3:         percent_complete ,

   4:         estimated_completion_time ,

   5:         DATEADD(ms,estimated_completion_time,GETDATE()) AS EstimatedEndTime, 

   6:         start_time ,

   7:         status ,

   8:         command 

   9: FROM sys.dm_exec_requests

  10: WHERE database_id = 16

In my example I filtered the results only for the database and used the Id of the database that you can obtain with the DB_ID function.

An example of what you got with this query is represented in the following picture.

image

As you can see you can easily visualize percentage of completion, estimated end time and the command that is running.

Gian Maria.

When it is time to tweak SQL Server queries

I’ve a stored procedure with a query that runs on a quite big database, it was slow (more than one minute to run) and was optimized using a temp table. The result is that execution time dropped to ~2 secs, and since this was acceptable the optimization stopped.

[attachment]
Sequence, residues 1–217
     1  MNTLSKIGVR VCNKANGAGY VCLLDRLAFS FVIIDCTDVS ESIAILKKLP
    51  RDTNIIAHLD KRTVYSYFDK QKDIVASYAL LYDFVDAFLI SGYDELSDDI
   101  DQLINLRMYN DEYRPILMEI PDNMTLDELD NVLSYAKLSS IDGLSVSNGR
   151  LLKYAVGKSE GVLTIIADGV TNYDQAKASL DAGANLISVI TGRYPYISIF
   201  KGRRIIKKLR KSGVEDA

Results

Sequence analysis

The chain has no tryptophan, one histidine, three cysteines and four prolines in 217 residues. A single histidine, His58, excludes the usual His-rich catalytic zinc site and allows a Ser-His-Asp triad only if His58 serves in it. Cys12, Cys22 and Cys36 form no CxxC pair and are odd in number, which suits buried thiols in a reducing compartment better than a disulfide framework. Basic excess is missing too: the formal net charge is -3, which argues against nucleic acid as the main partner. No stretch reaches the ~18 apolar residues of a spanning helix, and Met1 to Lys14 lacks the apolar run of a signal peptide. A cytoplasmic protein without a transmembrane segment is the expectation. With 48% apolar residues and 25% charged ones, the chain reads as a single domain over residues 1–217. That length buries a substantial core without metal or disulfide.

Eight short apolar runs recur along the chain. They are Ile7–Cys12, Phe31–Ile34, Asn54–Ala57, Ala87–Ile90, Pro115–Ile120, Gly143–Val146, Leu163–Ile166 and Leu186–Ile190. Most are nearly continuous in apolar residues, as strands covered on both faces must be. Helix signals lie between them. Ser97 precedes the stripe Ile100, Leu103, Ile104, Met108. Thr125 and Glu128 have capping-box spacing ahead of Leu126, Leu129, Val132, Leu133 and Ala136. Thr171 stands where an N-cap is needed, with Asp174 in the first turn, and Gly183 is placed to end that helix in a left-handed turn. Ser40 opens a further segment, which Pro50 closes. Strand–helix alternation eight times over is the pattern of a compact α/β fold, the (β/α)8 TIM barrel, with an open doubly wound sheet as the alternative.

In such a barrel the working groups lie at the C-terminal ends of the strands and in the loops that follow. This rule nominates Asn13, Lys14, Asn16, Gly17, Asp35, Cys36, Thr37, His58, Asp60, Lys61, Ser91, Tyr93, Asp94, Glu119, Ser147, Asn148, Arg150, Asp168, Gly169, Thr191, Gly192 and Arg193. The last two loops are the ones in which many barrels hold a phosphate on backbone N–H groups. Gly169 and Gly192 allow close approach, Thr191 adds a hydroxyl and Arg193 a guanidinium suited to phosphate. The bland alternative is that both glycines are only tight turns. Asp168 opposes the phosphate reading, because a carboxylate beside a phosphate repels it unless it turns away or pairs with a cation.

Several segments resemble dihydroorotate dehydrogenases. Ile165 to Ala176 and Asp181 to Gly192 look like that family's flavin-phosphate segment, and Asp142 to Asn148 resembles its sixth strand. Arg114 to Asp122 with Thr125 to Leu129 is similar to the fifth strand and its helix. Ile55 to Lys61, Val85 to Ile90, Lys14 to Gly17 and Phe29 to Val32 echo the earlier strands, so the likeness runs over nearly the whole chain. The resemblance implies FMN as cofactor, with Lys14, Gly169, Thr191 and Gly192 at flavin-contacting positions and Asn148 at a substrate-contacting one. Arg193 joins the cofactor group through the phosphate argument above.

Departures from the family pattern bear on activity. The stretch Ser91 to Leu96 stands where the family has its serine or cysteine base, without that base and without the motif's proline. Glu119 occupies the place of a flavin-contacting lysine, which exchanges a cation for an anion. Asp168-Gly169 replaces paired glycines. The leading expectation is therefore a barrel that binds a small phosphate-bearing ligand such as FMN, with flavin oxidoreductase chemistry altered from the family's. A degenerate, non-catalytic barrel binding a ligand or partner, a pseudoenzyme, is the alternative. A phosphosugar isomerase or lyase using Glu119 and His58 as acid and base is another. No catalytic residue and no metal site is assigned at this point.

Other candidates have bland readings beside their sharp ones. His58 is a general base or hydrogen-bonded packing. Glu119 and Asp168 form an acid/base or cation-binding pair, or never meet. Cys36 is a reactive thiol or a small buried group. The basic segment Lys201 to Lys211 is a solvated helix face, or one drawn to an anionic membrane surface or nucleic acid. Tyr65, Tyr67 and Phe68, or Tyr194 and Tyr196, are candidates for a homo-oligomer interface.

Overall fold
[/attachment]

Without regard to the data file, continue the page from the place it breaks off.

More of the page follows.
After a couple of months, the query become really slow again, it got executed in ~30 secs and I started to investigate why.

A quick tour with SSMS and STATISTICS I/O did not reveal some news, but the execution plan have a strange sort operation that takes 90% of the time of the overall query and this is really strange, but I did not find any reason why it should slow the query so much. To have a better picture of what is happening I decided to fire the Activity Monitor to check if the query stops for any lock in table, but I found that the task that is executing the query goes into heavy parallelism (you see a lot of row in the activity monitor with the same id), but each subtask is waiting a lot with a  CXPACKET wait type and everything seems stuck. CXPACKET wait time happens when the execution of the query is parallelized so I decided to disable parallelism of the query with OPTION (MAXDOP 1) to verify if the situation change. The result is that the query now executed in ~2 secs, like it did two months before, so I decided to leave it with parallelism disabled and it start to run just fine.